For some, the name Gaudi immediately brings to mind a style of architecture termed Art Nouveau that dominates the Barcelona skyline. For others, it brings to mind a style of music termed dub, where reggae dominates an electronic groove. Of course, in the latter we are speaking about the UK music artist Gaudi, known for his resume of organic sounds. Nusrat Fateh Ali Khan is to Qawwali music what Luciano Pavoratti is to Opera music. As a Qawwal, Khan’s voice is incredibly powerful, strong, and long-lasting in a literal sense. He is prolific and has been featured on over 125 albums, and is somewhat of a national hero in his home country of Pakistan. For Qawwals, singing is a path for reaching God in the Muslim faith and it takes the vocalist to many different psychological states during this expression.
As a writer of music, Gaudi has 11 releases to his credit including the “world” influenced dub groover “Bass, Sweat and Tears”, which three years after its release, is still Interchill’s best-selling album. As a collaborator, he has been a featured guest on numerous other projects including Sounds From the Ground’s “Palmprint” from their most recent album, “High Rising” (Waveform Records), and he’s applied his expertise as a producer to various creations including Ashtech’s auspicious debut, “Walkin’ Target” released earlier this year by Interchill Records. Now, Gaudi combines all of his skills on an ambitious concept album called “Dub Qawwali”, on which he mixes his own personal style with rare vocal recordings from the 60s and 70s of the late Qawwali vocalist, Nusrat Fateh Ali Khan, marking the 10 year anniversary of his death.
It’s not hard for anyone with an appreciation for world music to be immediately attracted to Khan’s personal expression when singing Qawwali, and, for dub fans you will be more than pleased with what Gaudi has done with reworks of Khan’s songs on Dub Qawwali.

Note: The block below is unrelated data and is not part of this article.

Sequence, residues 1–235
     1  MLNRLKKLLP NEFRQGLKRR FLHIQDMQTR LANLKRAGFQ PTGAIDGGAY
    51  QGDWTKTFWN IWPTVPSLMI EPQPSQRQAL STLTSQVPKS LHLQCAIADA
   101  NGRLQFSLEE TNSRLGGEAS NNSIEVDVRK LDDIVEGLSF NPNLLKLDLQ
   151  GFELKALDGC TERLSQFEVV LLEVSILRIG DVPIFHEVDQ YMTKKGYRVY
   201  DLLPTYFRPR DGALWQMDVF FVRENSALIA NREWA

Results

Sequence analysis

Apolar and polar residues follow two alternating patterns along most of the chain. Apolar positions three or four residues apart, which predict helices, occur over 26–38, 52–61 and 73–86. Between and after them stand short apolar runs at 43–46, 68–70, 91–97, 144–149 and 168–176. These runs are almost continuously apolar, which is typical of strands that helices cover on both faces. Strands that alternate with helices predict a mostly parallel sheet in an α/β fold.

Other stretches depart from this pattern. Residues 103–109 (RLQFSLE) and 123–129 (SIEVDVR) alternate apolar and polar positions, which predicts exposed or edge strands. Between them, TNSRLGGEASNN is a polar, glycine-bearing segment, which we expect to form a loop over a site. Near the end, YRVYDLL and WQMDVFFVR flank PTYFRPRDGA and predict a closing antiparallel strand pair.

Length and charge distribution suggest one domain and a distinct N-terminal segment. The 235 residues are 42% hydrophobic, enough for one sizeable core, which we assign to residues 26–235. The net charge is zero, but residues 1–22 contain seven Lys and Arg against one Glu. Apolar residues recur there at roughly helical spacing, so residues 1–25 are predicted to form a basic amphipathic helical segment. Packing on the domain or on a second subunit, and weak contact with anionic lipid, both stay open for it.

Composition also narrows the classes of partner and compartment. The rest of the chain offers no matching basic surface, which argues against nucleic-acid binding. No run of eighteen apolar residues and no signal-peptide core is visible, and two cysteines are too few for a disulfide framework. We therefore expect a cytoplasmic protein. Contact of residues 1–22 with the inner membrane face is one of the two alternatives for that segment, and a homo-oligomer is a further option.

After the success of Gaudi’s rework of a single Khan track for a remix project, a portion of Khan’s catalog was opened up to Gaudi for this assignment. He has hand picked 10 tracks for this release and taken an entirely new approach to reworking Khan’s music. Dub Qawwali begins with “Bethe Bethe Kese Kese” that instantly catches the listener’s attention. This sound is quite unique and it transports you to many different locations around the world. At one point, your left foot feels the sands on a beach in the Caribbean while at the same time your right foot feels the warmth of the Indian sun. Gaudi delivers incredibly on this album and right from the start you gain a sense of its importance. The weight of it wasn’t lost on Gaudi either, who stated “After 26 years of music activity I have to say that this is one of the most important productions I have ever done.”
At times, Gaudi pours on the reggae with characteristic high-energy keyboard rhythms, plenty of dubby echoes, and solid drums like the infectious “Ghambar Bare Ne.” At other times, a slow river of dub carries Khan’s voice through complex progressions.
On each track of Dub Qawwali, you can’t help but feel like Khan recorded his vocals specifically for this release. What Gaudi has done to revive these previous recordings is singular and Gaudi works brilliantly to cross a bridge between two different genres and cultures. Dub Qawwali is a well-thought and sure to be well-received collection of dub-infused music.
1. Bethe Bethe Kese Kese
2. Tera Jana Kere Rang Lawe
3. Jab Teri Dhun Main Raha Karte They
4. Dil Da Rog Muka Ja Mahi
5. Ghamgar Bare Ne
6. Abhi Apna Abhi Paraya Hai
7. Ena Akhiyan Noo
8. Kahin Mot Se Bhi Na Jao
9. Mainoo Ole Bai Ke Pee Lain De
10. Othe Mera Yar Wasda